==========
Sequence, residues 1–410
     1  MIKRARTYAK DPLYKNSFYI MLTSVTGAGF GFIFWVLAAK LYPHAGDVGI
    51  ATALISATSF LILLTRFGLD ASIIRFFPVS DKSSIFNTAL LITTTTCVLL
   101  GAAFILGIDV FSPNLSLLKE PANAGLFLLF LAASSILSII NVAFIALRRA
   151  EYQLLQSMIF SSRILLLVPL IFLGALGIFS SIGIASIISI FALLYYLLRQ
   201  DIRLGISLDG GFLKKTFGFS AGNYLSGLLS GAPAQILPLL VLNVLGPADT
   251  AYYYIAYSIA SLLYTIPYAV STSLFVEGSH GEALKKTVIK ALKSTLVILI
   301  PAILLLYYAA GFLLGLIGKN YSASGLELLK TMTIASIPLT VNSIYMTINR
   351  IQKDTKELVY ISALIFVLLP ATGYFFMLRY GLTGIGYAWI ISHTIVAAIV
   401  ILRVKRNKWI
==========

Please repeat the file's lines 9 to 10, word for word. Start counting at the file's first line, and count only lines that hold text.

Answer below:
   351  IQKDTKELVY ISALIFVLLP ATGYFFMLRY GLTGIGYAWI ISHTIVAAIV
   401  ILRVKRNKWI